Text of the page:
I know artist that prefer 1099 because of the perceptively large paycheck. I try to inform them about the true price: how they pay the payroll fees that the company should be paying. How as 1099, they should really be working for the vendor’s client, not the vendor. They are not a company, they are an employee by definition of law. Plus for many, you aren’t building a client base because it’s the vendor’s client. So if you really want to have your own company and business, do so. But keep in mind, working 1099 at a Vfx vendor makes you an employee but WITHOUT any of the benefits of being an employee.

    Lastly, there’s the reality of your “window”… It’s a period from your early twenties to your mid thirties. This is where you will see the largest growth (both in income and career), and it’s like a vector projecting where you will go from there, assuming you don’t change careers, win the lottery or join a monastery later in life. That window will also probably be where you can build your wealth the fastest since it’s before you got the mortgage, the spouse, the ex-spouse, the kids, the fancy toys, and the expensive zip code. The problem is when that growth plateaus, where are you? One recruiter at a Vfx shop told an older artist that the mean age at the company was 28. This is the data at their fingertips, and what they reveal. Imagine what goes on behind the scenes. I’ve seen ageism first hand. I know no matter how hard I work, I’ll never see a staff position or benefits again from this biz. I’ve seen companies staff up twenty something’s around me as I’m tasked to do not just my Vfx work, but managing the kids, doing client bids and tech approving all shots, if not completing them… Meanwhile I was hired as an artist, but slowly tasked to do more and more until I’m doing the job of a Vfx Sup. They say they don’t want me to leave, but they expect me to do that much work for no additional pay, or even a proper title, nor even a contract. It’s nuts. Meanwhile the kids think that their booming “careers” will continue so, not realizing that the game is rigged in their favor. “rising stars” is what the recruiters call them when they are just willing to live at work. I’m not saying these kids aren’t talented, but the economy of the business is being based more and more on this exploitation.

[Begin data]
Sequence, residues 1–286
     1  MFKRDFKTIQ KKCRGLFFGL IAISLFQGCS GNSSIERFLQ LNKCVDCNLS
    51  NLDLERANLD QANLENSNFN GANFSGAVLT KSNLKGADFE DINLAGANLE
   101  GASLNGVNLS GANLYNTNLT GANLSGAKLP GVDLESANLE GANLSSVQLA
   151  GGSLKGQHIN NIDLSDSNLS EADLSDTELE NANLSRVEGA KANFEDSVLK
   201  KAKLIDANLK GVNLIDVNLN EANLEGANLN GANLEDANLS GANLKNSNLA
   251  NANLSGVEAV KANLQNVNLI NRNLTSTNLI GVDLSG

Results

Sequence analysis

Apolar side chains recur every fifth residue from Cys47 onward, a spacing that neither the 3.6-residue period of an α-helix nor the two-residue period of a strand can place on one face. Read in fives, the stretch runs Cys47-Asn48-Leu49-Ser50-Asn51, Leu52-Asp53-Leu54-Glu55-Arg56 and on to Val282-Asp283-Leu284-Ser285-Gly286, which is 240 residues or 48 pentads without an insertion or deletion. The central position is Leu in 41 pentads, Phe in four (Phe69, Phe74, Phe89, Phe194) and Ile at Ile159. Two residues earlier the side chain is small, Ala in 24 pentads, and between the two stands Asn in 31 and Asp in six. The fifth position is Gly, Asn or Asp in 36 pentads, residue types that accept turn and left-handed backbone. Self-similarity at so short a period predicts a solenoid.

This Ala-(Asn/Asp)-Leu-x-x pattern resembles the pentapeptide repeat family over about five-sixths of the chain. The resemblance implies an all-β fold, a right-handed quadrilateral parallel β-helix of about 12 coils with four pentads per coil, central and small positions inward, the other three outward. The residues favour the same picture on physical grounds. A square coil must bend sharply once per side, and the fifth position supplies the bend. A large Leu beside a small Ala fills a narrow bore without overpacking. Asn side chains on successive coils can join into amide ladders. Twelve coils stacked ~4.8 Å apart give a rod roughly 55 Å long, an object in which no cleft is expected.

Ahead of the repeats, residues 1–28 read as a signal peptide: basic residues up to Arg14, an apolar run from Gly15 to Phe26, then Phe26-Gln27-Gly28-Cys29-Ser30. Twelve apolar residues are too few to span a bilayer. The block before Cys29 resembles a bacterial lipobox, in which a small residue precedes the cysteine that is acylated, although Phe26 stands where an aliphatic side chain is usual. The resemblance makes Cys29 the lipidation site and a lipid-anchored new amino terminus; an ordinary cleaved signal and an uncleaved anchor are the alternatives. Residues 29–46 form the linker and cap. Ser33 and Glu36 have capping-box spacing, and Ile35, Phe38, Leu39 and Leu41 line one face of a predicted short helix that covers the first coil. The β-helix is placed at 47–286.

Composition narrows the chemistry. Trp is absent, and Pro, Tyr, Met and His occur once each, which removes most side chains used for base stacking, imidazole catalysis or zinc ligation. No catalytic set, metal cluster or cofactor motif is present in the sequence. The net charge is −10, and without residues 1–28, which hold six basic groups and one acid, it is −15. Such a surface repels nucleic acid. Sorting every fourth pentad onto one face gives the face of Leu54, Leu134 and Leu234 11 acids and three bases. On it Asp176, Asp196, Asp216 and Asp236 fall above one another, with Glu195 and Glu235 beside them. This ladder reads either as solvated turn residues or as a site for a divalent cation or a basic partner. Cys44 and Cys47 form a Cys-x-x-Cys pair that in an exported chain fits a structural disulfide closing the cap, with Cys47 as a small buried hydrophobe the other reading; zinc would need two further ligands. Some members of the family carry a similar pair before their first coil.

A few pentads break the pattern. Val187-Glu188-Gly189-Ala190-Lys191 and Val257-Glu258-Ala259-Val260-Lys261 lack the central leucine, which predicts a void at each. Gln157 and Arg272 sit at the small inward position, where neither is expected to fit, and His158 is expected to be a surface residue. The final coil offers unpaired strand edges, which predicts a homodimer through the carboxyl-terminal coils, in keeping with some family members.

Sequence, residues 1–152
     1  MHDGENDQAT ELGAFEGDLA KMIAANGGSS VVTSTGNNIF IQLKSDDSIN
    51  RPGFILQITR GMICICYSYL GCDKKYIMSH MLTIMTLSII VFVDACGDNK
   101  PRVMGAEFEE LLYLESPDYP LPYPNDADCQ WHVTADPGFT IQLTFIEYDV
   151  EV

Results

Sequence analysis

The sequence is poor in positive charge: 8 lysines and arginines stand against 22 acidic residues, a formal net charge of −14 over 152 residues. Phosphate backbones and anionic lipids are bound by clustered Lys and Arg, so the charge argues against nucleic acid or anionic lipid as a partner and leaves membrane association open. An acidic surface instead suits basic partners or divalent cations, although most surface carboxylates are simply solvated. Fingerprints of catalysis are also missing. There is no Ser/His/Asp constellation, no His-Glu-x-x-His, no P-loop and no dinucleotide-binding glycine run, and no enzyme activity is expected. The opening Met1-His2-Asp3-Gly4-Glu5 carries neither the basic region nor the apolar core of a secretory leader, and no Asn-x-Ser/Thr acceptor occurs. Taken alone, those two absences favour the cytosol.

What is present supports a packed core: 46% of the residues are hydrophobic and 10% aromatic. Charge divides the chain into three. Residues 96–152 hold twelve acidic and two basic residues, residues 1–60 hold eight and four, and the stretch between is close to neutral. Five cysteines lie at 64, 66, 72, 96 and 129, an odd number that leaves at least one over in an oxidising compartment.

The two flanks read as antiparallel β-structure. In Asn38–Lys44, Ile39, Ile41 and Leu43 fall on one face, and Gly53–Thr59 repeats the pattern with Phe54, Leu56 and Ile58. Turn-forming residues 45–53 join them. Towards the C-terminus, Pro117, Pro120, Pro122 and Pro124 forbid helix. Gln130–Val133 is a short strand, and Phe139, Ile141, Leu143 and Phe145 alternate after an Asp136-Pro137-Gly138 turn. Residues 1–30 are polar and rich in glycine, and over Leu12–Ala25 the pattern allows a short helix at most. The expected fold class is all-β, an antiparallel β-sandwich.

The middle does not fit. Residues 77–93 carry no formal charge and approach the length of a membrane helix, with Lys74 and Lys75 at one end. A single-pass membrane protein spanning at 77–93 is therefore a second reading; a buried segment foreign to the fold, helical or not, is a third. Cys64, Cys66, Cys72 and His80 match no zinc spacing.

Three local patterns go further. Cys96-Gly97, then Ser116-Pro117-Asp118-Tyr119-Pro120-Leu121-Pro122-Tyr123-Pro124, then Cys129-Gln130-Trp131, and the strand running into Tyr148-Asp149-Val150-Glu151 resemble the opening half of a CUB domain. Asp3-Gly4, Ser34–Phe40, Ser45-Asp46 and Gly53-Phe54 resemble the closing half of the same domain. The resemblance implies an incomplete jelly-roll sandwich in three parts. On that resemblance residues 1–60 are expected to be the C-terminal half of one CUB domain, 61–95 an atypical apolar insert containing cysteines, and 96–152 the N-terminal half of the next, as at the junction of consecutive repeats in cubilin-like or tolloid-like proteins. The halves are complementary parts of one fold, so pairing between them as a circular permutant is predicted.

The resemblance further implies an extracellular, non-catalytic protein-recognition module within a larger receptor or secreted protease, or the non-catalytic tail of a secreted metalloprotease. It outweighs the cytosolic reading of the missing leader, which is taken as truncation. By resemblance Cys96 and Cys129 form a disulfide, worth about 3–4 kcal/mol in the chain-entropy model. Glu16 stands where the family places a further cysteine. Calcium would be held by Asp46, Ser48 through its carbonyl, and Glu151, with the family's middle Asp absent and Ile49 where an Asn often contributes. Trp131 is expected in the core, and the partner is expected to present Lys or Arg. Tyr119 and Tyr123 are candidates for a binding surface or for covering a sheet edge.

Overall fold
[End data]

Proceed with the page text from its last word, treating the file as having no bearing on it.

Getting back to the “window” theme. The only people I see successful in their lives are the ones that used that window to build their wealth in something else… Usually another business, like a restaurant, or in real-estate. Effectively, they took the money they made, and now that money makes them money. Keep in mind the difference between wealth and being rich: people say they see fancy cars in Vfx parking lots… That’s rich. Heavily leveraged rich. Rich tends to depreciate. Wealth is different. That’s usually built slower and is self sustaining in some cases. A Vfx guild would be an example of wealth: a wealth of resources, knowledge, collective bargaining, etc. But wealth in Vfx? I see a lot of riches, but not much wealth.